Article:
Demotion and termination

UPDATED: Sep 30, 2022

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Demotion and termination

I live in Connecticut and the company I work for
offered me a position that is technically a
demotion. Are they required to pay me owed
money salary and commissions in a certain
amount of time if I decline the position and
move on ?

Asked on January 31, 2017 under Employment Labor Law, Connecticut


SJZ, Member, New York Bar / FreeAdvice Contributing Attorney

Answered 6 years ago | Contributor

It would have to pay you your salary for any days you worked but for which you were not yet paid--but only for the work you did to date which remained unpaid. It would have to pay you any commissions if the terms or agreement under which you worked were that you would still receive commissions earned to date even if you leave employment before they are paid...but if the agreement or terms for earning commissions were that you had to be employed when they were paid to receive them, then they would *not* have to pay you. Either way--to be paid commissions if they were earned, even if you leave before they were paid, or to not pay them if you leave before they were to be paid--is legal; it all depends on the terms under which you worked. (Note: in the absence of a written commission agreement, you can find the terms under which you worked by looking to the practice or precedent at your employer--e.g. what has been done with other employees in the past? Were they paid commissions on departure? Etc.).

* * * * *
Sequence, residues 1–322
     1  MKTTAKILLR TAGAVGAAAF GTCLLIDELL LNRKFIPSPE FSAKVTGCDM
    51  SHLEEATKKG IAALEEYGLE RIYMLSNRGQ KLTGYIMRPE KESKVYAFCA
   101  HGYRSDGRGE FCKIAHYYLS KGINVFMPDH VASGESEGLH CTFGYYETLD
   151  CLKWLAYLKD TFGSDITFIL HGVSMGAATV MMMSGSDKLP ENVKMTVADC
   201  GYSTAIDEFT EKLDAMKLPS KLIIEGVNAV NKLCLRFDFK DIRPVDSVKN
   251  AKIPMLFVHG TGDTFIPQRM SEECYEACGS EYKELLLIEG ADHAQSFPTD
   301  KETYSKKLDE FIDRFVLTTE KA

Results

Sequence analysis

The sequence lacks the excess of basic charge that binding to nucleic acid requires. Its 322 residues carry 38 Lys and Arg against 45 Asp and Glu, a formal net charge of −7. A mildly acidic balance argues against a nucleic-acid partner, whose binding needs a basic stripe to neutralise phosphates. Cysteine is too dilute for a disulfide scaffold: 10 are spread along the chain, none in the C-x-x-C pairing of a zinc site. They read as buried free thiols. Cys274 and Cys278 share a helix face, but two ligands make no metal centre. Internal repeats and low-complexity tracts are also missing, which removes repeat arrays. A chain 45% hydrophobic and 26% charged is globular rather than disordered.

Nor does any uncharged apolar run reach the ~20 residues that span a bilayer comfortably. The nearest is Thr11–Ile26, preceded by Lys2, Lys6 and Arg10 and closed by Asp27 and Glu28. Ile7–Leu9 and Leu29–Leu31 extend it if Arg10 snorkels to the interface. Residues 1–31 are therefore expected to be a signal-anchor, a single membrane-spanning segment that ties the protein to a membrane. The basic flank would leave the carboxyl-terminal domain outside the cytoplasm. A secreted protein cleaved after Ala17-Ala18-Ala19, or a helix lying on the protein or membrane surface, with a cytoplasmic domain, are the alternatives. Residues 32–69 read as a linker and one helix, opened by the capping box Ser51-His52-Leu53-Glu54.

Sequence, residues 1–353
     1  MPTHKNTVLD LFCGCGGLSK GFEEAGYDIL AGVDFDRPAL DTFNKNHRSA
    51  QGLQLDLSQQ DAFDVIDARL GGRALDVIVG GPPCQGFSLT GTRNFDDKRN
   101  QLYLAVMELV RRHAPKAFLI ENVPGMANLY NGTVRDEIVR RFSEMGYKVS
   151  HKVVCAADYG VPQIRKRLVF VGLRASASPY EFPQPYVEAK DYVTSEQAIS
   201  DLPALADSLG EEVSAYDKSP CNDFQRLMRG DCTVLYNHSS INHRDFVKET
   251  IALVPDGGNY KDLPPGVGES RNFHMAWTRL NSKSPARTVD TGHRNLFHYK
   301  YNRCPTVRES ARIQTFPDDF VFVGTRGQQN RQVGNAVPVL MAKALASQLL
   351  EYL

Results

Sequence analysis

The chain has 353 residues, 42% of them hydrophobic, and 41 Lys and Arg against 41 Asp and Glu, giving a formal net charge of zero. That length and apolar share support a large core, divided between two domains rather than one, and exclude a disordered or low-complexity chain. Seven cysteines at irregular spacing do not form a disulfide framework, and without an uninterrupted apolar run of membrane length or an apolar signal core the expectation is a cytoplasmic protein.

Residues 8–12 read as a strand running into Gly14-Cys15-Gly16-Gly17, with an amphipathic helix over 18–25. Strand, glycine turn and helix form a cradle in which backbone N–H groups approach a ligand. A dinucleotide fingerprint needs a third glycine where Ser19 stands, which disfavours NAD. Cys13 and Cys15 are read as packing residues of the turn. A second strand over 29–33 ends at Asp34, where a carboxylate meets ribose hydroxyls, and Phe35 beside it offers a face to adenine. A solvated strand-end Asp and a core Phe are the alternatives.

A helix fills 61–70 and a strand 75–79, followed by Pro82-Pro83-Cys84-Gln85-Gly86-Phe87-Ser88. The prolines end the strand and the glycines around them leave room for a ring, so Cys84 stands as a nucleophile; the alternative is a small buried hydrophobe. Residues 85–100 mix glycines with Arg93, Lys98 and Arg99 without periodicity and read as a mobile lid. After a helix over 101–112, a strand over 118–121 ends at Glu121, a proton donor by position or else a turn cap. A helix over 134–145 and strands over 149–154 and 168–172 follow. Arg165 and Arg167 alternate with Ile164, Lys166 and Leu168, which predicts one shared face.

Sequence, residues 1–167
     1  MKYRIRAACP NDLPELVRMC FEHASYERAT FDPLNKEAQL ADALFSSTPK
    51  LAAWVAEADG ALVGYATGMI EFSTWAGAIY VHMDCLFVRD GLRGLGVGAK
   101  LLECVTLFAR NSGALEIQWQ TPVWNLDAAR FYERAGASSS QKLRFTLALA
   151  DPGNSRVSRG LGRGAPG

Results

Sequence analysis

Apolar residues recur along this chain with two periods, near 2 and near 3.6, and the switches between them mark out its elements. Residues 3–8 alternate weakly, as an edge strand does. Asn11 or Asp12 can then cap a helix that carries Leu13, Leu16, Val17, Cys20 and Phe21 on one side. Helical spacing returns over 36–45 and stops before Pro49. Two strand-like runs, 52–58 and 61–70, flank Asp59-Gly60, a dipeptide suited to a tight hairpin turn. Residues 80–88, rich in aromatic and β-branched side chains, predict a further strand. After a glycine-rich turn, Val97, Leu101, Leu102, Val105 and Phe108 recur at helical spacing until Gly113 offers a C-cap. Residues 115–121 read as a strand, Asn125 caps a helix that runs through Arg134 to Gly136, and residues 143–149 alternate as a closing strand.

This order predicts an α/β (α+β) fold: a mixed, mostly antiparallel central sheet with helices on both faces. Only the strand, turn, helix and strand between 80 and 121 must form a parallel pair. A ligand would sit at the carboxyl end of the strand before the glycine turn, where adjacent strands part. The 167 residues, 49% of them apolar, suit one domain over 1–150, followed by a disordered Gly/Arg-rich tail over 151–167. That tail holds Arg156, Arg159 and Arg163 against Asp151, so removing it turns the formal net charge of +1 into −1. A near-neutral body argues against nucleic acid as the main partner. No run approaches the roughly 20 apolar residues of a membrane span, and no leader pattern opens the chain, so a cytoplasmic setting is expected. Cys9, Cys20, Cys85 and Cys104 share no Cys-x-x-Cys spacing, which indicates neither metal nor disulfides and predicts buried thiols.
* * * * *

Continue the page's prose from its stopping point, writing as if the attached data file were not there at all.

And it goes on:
IMPORTANT NOTICE: The Answer(s) provided above are for general information only. The attorney providing the answer was not serving as the attorney for the person submitting the question or in any attorney-client relationship with such person. Laws may vary from state to state, and sometimes change. Tiny variations in the facts, or a fact not set forth in a question, often can change a legal outcome or an attorney's conclusion. Although has verified the attorney was admitted to practice law in at least one jurisdiction, he or she may not be authorized to practice law in the jurisdiction referred to in the question, nor is he or she necessarily experienced in the area of the law involved. Unlike the information in the Answer(s) above, upon which you should NOT rely, for personal advice you can rely upon we suggest you retain an attorney to represent you.

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